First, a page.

Napoleon Torralba Abiog was known to most of his friends as “Benjie.”He spent an ordinary childhood in Sta. Cruz, Manila, but in high school, socio-economic troubles leading to social unrest made him join the Samahang Demokratiko ng Kabataan (SDK). Disapproving of his decision, his school did not allow him to march during graduation rites in 1970.
In college, Benjie first enrolled for a course in electrical engineering at the University of Santo Tomas. But wanting to be a lawyer like his father, , he changed course and enrolled for a political science degree in 1971 at the Philippine College of Commerce (PCC, now Polytechnic University of the Philippines).
At PCC, he became attracted to Kamanyang Players, a student theater organization that presented socially relevant plays and performances. He soon joined the group as a guitarist, marking the beginning of his lifelong passion for cultural arts work for the people.
Benjie began taking more and more responsibilities in the group, which soon renamed itself Samahang Kamanyang, reorienting itself to identify with the growing mass movement. He started performing as a singer, composer, and reluctant actor. He then became the group’s choir master and musical director.
Drawing inspiration from the works and the stories of the struggles of the activist artists of the time, he decided he was going to be a people’s artist – “artista ng bayan” at a time when the phrase was not yet used.
When Marcos declared martial law in 1972, all forms of protest were banned. But like many artists, Benjie used the performing arts to find creative ways to speak out about the sins of Marcos’ new regime.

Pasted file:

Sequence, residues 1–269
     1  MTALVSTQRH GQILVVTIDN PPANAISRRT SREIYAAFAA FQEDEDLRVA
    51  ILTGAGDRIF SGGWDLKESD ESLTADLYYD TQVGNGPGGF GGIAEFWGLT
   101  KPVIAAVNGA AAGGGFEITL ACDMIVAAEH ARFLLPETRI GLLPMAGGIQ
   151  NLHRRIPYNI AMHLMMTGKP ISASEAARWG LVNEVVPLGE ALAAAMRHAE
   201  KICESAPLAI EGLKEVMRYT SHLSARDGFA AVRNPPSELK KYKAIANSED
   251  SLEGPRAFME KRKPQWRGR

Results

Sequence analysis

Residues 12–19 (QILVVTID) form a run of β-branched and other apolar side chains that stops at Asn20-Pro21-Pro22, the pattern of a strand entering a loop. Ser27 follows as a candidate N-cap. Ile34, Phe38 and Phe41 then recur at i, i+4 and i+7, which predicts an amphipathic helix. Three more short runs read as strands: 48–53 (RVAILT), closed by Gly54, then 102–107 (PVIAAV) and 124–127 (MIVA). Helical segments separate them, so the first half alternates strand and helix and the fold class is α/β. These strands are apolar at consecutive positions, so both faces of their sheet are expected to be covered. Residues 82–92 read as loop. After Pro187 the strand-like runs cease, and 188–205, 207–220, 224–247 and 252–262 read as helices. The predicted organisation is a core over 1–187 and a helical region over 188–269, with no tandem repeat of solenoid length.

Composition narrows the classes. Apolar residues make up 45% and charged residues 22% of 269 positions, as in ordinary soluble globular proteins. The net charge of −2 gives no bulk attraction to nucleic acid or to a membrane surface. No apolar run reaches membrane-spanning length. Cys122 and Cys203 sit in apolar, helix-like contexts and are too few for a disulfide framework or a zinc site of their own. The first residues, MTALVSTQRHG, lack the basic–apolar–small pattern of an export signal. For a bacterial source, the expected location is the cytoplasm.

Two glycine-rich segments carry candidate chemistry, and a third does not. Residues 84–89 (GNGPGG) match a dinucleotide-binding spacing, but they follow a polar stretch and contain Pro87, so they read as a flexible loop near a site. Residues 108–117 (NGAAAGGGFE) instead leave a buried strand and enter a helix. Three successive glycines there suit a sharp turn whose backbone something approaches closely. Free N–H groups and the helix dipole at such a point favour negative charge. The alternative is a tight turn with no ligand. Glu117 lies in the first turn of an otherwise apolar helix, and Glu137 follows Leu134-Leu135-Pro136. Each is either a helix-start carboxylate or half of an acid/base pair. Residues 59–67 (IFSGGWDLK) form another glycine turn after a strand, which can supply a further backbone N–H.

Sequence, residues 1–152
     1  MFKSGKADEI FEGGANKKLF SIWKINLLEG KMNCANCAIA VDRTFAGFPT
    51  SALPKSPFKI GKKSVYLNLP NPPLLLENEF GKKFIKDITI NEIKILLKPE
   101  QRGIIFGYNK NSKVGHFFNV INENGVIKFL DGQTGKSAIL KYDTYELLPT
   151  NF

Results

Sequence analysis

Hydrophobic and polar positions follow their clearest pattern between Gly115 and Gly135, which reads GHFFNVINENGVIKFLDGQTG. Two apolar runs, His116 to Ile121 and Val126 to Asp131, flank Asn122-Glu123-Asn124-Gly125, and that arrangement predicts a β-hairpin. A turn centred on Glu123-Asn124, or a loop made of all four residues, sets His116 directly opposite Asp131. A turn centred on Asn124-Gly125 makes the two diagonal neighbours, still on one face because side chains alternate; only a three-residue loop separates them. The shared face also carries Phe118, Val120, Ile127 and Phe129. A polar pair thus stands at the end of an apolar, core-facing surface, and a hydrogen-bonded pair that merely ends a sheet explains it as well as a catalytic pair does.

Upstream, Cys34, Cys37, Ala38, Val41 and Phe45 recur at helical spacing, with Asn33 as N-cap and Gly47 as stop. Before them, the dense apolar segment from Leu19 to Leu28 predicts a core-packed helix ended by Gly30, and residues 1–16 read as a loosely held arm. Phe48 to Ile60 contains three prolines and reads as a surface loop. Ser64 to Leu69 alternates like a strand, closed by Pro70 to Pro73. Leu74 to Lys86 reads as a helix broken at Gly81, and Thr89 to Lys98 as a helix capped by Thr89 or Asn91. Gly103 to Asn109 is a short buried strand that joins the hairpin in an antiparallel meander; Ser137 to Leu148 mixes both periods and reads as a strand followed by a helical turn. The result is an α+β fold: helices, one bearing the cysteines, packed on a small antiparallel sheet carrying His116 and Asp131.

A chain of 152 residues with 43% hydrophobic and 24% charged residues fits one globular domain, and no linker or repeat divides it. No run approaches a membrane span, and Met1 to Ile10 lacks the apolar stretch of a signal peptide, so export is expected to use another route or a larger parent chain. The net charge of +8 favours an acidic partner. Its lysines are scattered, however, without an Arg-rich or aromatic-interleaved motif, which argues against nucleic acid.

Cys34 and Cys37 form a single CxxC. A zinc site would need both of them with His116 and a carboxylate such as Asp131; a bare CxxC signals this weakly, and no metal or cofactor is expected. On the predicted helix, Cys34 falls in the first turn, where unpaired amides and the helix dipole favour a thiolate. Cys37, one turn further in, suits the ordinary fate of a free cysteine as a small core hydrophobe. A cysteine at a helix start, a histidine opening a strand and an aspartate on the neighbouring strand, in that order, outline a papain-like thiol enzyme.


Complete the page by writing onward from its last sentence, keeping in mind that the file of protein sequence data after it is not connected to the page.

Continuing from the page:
He also began working full time as an activist involved in trade union work in the areas south of Manila, helping workers of companies like La Suerte, Philacor, GE, Wyeth, Gatcord, Solid Mills, other factories in Makati, Paranaque, Pasay, Muntinlupa, and Las Pinas.
Bringing his passion for cultural performance, he incorporated music in his trade union tasks of organizing and educating workers. He clearly understood the role of cultural work in the fight to awaken, organize, and mobilize the people. Benjie used his mastery of cultural works to contribute to the broader movement in order to expose the true state of society, condemn martial law, and oppose the unfair policies of the martial law regime.
But it was in 1981 that Benjie helped form the group which fellow activists best remember him for: the cultural group Tambisan sa Sining, which staged performances in strike areas, rallies, and other protest actions.
At a time when worker activism was reeling under the dictatorship’s punches, Benjie stepped up and filled the need to help in the organizing work among the workers. As the group’s resident musician, Benjie wrote songs which gave artistic expression to the plight of workers and poor people under the Marcos regime, helping raise the protester’s spirits. These became a prominent part of Tambisan’s repertoire such that the group was considered by many as the “standard bearer of people’s music and art.”
The group became more and more popular among worker’s groups, until just the mention of Tambisan coming to a worker’s activity or rally was enough to generate excitement.
He was also heard as a performer on the albums “Kalipunan ng mga Makabayang Awitin”, and “Ibong Malaya” Volumes 1 and 2 – collections of songs of struggle and liberation which became very popular and in demand among groups involved in the anti-Marcos resistance. He also helped with the distribution of cassettes of these collections.